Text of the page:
This week at Flippa, I caught up with Sasha Benz the owner of All My Friends Are Models, an online publication that is currently for sale on Flippa. In the video below Sasha talks about the power of the brand, the business’s success to date and how a publication like this makes money. We also touch on the opportunity for prospective buyers and how they could take this business to the next level.
This week, we spoke with Justin Clarke the founder of RomperJack. RomperJack sells romper suits for men and the business was established after Justin discovered an opportunity and niche market via a Kickstarter campaign. Since then, RomperJack has hustled and exceeded all expectations, with annual revenues of $594,000. Romerjack is currently for sale on Flippa.
Check out the full video below.
Looking for an established business, in a booming industry with monthly profits of $38k? We recently sat down with the Asha Martin, the founder of an eCommerce and wholesale business sells cremation urns and jewellery worldwide. In its 12 years in operation, the business has continued to grow and evolve. Their pets category which includes urns, keepsake pendants and tags, is currently experiencing significant growth.
Asha started a funeral products business and was inundated with requests for urns and cremation jewellery, seizing a gap in the market. What does it sell?
The business sells funeral accessories and memorial books, cremation urns and keepsake memorials. Their collection can be used for adults, pets and includes a selection of biodegradable urns for the environmentally conscious.
Interview with seller Asha Martin
What is your background and why did you start Life Cycle Urns?
At the age of 23, I started my first own small business as a furniture upholster. A year before selling the upholstery business I started the funeral products business. The business first opened as a retail online store. It grew steadily over the first few years and soon enough I added B2B wholesale sales.
We kept getting requests for funeral urns and cremation jewellery. The funeral homes wanted better quality products at cheaper prices. There are only so many times you can hear the same request over and over again before I thought RIGHT, I’m going to find a way to make it for you!I set about designing a range of different funeral products which we continue to have made at our factories in India and China to this day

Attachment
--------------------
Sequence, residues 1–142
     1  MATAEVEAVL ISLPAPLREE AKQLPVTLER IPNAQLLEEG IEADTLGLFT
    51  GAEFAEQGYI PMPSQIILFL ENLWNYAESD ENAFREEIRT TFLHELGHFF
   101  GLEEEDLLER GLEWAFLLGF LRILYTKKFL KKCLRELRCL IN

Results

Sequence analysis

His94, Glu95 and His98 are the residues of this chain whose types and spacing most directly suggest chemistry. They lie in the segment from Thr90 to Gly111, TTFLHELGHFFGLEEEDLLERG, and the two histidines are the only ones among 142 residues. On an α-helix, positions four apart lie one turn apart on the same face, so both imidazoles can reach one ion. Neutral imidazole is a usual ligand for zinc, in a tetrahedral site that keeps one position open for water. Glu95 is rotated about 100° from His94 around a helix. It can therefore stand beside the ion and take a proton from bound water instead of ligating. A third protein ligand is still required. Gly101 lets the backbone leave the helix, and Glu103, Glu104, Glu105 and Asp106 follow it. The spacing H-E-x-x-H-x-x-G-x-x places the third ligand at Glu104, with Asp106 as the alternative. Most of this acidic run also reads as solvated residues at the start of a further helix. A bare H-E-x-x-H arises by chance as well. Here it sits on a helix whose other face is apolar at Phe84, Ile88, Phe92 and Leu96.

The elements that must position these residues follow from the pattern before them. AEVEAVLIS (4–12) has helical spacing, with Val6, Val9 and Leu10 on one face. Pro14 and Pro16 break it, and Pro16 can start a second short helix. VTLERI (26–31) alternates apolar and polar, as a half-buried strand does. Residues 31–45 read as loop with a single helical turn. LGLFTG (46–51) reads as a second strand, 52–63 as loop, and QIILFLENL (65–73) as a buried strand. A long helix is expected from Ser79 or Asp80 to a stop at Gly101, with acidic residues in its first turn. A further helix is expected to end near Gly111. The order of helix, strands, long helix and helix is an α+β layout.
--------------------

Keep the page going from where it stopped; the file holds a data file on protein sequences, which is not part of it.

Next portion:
For many, this industry will be unfamiliar. Tell us a little about the industry and why people choose Life Cycle Urns?
We operate from a medium-sized warehouse with upstairs office. We hold bulk stock of over 130 different types of funeral urns for ashes and jewellery that has a hidden void for storing ash. Cremation jewellery is very popular, we sell thousands of pieces a year.
Our company has grown and gained momentum over the years because of our constant focus on supplying high-quality products, great customer service and shipping out orders at lightning speed.
How does the business make or acquire the product?
Over the past 12 years, we have formed trusted relationships with our factories in India and China. Its first name basis stuff and that’s the way we like it. Having good communication with our factors is so important, otherwise, it would be very difficult to manage. We have independent QC on the ground in each country to check each other which means we get the high-quality finish we are after.
Who are your paying customers?
We supply a range of different customers from the general public via our retail eCommerce store, funeral homes, pet crematoriums, cemeteries, crematoriums, jewellery stores, online stores. We are also about to start supplying a US wholesale funeral products distributor which is very exciting. The market in the US is ginormous compared the to Australia to the potential for things to explode over there is unreal.
How have you acquired customers to date? Where do they find you and why do they use the service?